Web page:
This just in: More public art fun in NYC from Enjoy Banking, whose mega-sized decals epitomize the term “sign of the times” uh, literally. Find all their sites and additional photos here and they'll have more soon here.
Hey disgruntled 90-year-old Brooklyn Dodgers fan, stop blaming L.A. and the O’Malleys for stealing your team and take your gripin’ to Robert Moses. Of course, you’ll have to get in line. Arch enemy of Jane Jacobs, affordable housing, liveable cities, blue collar workers and public transit, Robert Moses was the biggest political road block to a new stadium in Brooklyn at the time, and he provided the bullying impetus to move the team out of the city, as news of his involvement in the contentious Dodgers move to Los Angeles continues to come to light.
(Although yours truly thinks its high time the diehards bury the hatchet: Brooklyn’s boys in Blue mutated into “Los Dodgers” a long, long, LONG time ago and they’ll remain that way in baseball’s lexicon.)
Long time Dodger’s owner Peter O’Malley (from 1970-1998), along with "Forever Blue" author Michael D'Antonio, recently attended a bereavement-themed Dodgers symposium at the Brooklyn historical society that brought to light and highlighted the involvement New York’s most infamous urban development czar in the eventual transplant of the team to the West coast and the destruction of Ebbets field.
Walter O’Malley (father of Peter) wanted to redevelop to the derelict Fort Greene public market area for a new Brooklyn Dodgers’ stadium, but Moses wouldn’t have it. He was subsequently pushed to find other cities for the team, fatefully landing in L.A. Today the Atlantic yards site, at the border of Fort Greene and Prospect Heights – to be designed by Frank Gehry, er, or maybe not – hasn’t progressed any faster than O’Malley’s domed stadium. Presently, at the site where O’Malley would have built, little work has been done, private land remains to be acquired, and developers are scrambling to keep their heads above water.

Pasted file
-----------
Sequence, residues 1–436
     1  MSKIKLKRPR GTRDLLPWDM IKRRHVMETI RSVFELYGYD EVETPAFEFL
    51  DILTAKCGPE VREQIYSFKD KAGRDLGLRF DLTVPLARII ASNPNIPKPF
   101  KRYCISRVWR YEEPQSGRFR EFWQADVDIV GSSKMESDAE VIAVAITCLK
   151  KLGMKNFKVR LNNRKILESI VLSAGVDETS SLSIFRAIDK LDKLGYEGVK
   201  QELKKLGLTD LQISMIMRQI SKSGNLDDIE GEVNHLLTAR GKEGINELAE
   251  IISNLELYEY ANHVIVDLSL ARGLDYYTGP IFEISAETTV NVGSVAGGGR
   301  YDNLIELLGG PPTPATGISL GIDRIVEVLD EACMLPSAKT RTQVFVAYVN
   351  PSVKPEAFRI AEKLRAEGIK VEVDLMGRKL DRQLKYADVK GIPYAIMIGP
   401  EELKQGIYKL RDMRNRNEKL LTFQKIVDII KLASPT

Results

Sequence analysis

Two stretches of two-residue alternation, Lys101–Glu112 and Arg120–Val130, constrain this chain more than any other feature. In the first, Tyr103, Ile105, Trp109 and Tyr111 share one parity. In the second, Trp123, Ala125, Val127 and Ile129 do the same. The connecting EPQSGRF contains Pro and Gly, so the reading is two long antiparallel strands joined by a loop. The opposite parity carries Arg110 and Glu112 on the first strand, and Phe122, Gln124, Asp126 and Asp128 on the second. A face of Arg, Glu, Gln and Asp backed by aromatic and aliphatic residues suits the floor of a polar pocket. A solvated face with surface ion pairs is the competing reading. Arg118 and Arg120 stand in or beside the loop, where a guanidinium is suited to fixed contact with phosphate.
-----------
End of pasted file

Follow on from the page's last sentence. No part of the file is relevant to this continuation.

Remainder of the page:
at 10:15 AM
Second-year Sophomores at Woodbury University’s School of Architecture presented their final designs for the new “American Land Museum” this week. The intention of the Land Museum as building project (infused with shades of landscape urbanism) gave students a formal freedom that drove some really impressive modes of making, representation and processes. In addition, the interpretive learning facility and museum was hypothetically sited on a very loaded site downtown – rich with environmental possibilities, but also problematic as students found themselves dealing with criss-crossing freeway onramps, historical buildings at Olvera street, Union Station, little space for parking and a fair amount of topography. Needless to say, the assignment contained some very complex programmatic and urban conditions.
The program for the new museum included a sky space, a green room, cityscape lookout, city map room and information & security kiosks. Students had previously researched Martha Schwartz’s Jacob Javits Plaza, the Cheong Gye Cheon River in Seoul, and the garden city of Esfahan in Iran for preliminary case studies and precedents.
Below are a few glimpses into the review and highlighted projects. Good work guys!
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